The Senate voted narrowly on Monday to confirm David Weil as administrator of the Department of Labor’s Wage and Hour Division (WHD). The narrow 51-42 majority followed a similarly narrow 12-10 party-line committee vote in December. The WHD is the DOL division that, among other duties, implements and enforces the Fair Labor Standards Act (FLSA) regulations and oversees various worker misclassification initiatives we have reported on previously. The Senate had not confirmed a WHD administrator since 2001, and since 2004 the position has been filled by acting leaders and a recess appointee. President Obama controversially nominated Dr. Weil, a respected Boston University professor, Harvard researcher, and DOL advisor, to fill the position in September 2013. Weil was the administration’s third nominee for the position.
Weil’s nomination drew particular attention because of his work on a May 2010 report to the DOL entitled Improving Workplace Conditions through Strategic Enforcement: Report to the Wage and Hour Division Strategic Enforcement. The report, which he principally authored, provides a number of policy prescriptions that may hint at Administrator Weil’s enforcement priorities at the WHD. For instance, the report recommends that the DOL implement a penalty policy “as a central element of deterrence,” expand both civil and criminal litigation efforts to deter noncompliance, and “uniformly and consistently” impose civil money penalties and liquidated damages. The 2010 report also claimed the decline of private-sector unionization “reduces the capacity of regulators to oversee the workforce—an implication of union decline that is often overlooked in policy debates.” In particular, the report singled out several industries including agriculture, construction, health care, hospitality, restaurants, and retailers.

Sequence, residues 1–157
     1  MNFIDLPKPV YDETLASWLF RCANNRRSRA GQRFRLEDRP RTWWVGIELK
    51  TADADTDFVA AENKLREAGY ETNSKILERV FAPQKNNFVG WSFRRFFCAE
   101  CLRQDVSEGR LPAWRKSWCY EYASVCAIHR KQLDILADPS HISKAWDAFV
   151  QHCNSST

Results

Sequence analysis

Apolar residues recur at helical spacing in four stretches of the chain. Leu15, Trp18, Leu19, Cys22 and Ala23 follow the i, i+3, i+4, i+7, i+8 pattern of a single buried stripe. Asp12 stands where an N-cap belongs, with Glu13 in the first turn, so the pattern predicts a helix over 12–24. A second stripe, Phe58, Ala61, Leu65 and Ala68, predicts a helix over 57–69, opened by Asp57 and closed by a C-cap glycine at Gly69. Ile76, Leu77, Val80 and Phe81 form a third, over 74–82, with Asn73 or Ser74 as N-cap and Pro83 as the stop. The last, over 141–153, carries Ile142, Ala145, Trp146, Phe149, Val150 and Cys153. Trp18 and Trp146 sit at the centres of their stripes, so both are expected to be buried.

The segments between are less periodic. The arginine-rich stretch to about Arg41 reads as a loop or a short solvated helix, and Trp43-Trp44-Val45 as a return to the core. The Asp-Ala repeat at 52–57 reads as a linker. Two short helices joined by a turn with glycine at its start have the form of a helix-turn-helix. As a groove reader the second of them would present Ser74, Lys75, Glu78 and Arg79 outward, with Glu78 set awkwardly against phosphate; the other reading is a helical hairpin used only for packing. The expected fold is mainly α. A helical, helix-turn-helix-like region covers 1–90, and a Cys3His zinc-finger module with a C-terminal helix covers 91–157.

In December, The Wall Street Journal described Weil as “a life-long, left-wing academic with labor-union sympathies, no private-sector experience or legal training, and limited management experience.” Business associations submitted a joint letter to the Senate committee considering Weil’s nomination last year objecting “based on his writings, advocacy positions, and lack of any non-academic job experience.” The associations questioned Weil’s ability to “administer federal labor law in a fair and impartial way.”
Sen. Tom Harkin (D-IA), chairman of the Health, Education, Labor and Pensions Committee that oversaw the nomination, called Mr. Weil an “exemplary candidate” who has received strong recommendations from colleagues for his fair-mindedness. Mr. Harkin lauded Mr. Weil for his extensive study of “the most effective ways to use limited resources to increase compliance.”
We will monitor Dr. Weil’s enforcement approach in his new role and provide further updates as the WHD’s enforcement priorities under his leadership become clearer.